Your last Rookie Corner submission was one of the best, if not THE best RC puzzle of 2022, but I think this one has possibly even surpassed that. Bravo. My printed page has too many ticks really to single out a favourite clue but, if pushed, I’d probably opt for 18d.

    It’s been great to watch your progression and I think you are destined for a very bright future as a setter if you maintain this excellent standard. Well done indeed and many thanks.

  11. Really enjoyed this puzzle, thank you, Coot. Favourites were 16a, 13a, 22a, 3d and 18d.
    The answer for 20a didn’t seem to fit the definition for us and we did need Google to check a couple of answers. Many thanks and in advance to Prolixic

  12. An excellent puzzle with some super clues. I’m on puzzle catch up today so with a number of others to tackle I didn’t give it the patience it deserved & resorted to a couple of letter reveals to complete. The ones that stood out for me were 14,16,8&26a plus 3,18&19d. Clear favourite the great surface at 16a – at the risk of getting my knuckles rapped my immediate thought was Ian Blackford.
    Thanks Coot

  13. Thanks for the excellent puzzle Coot, some very tight and satisfying clueing on show here. Top of my list were 14a, 16a, 4d and 15d although I could expand that extensively with everything that I enjoyed!

  14. Really enjoyed this most accomplished puzzle, thank you Coot. Only the most minor of queries came to mind and I’m happy to await Prolixic’s review, who I imagine will not have much to say!

    Some lovely constructions and ideas, mostly very smooth surface reads, and much amusement throughout. COTD for me was 15d when the parsing dawned on me – very clever indeed. Various others got Hon Mentions, including 18d, 3d, 16a and 1a.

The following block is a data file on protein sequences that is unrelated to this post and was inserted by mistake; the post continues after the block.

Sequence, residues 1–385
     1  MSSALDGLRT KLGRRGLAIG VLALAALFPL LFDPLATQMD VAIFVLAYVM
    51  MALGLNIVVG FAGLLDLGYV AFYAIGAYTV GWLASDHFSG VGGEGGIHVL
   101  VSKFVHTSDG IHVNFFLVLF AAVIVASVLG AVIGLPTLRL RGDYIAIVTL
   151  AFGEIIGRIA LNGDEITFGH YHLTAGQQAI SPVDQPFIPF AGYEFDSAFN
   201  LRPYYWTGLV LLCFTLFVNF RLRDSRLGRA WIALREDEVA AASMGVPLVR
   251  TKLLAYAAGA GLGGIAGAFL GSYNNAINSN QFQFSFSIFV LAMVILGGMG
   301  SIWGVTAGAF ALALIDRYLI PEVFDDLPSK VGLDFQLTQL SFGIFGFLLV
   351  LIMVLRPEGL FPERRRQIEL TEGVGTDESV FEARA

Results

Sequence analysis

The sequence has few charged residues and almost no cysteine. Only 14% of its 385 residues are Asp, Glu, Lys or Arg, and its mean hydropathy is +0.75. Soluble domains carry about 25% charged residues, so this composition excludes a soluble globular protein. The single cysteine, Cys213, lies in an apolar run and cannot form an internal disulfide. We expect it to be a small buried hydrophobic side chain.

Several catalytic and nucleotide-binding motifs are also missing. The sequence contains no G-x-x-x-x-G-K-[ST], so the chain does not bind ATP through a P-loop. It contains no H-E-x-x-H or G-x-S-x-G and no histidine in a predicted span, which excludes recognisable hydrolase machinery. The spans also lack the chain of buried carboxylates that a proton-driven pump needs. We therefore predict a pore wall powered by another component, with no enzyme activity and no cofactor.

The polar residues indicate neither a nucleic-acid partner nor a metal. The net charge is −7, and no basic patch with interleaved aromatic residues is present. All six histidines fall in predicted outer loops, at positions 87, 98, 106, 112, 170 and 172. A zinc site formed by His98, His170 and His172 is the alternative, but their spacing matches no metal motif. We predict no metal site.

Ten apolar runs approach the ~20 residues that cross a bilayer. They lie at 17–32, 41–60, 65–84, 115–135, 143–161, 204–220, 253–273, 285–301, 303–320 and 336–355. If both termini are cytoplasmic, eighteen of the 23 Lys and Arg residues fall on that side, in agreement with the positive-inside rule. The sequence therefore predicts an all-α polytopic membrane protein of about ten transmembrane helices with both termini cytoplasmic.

I look forward to your next puzzle! Thank you, and thanks in advance to Prolixic.

  15. It has been heartwarming to see the positive response to this puzzle by a very talented setter of whom I’m very fond. Thanks as ever to Prolixic for the feedback and, in this case, the deserved promotion. And, of course, many congratulations to Coot!

  16. Many thanks for the review, Prolixic – and of course for the promotion, with which I am naturally delighted. Thanks again to everyone who solved this puzzle and for the feedback.

  17. Super puzzle and a well-deserved promotion – well done Coot, looking forward to your debut NTSPP. (PS personally I loved the fun salad bar definition and was surprised it attracted any comments!)

  18. A super puzzle, not too difficult but with some nice twists in the clues. What more can I say except to endorse Prolixic’s comment about moving on to the realms of NTSPP?

  19. Congratulations on your promotion to the NTSPP Coot. Very well done!
    Super crossword! My last few in took almost as long as the rest. I failed on two, and looking at the answers I really should have arrived at them… Much appreciation to Prolixic for enlightening me.
    Many lovely clues to enjoy, my fave being 4d, which made me laugh, and 15d.
    Many thanks to Coot, and to Prolixic for an excellent review.

Join the Conversation, Leave a Comment

Your email address will not be published. Required fields are marked *

The maximum upload file size: 2 MB. You can upload: image, audio, video, document, spreadsheet, interactive, text, archive, code, other. Links to YouTube, Facebook, Twitter and other services inserted in the comment text will be automatically embedded. Drop file here

This site uses Akismet to reduce spam. Learn how your comment data is processed.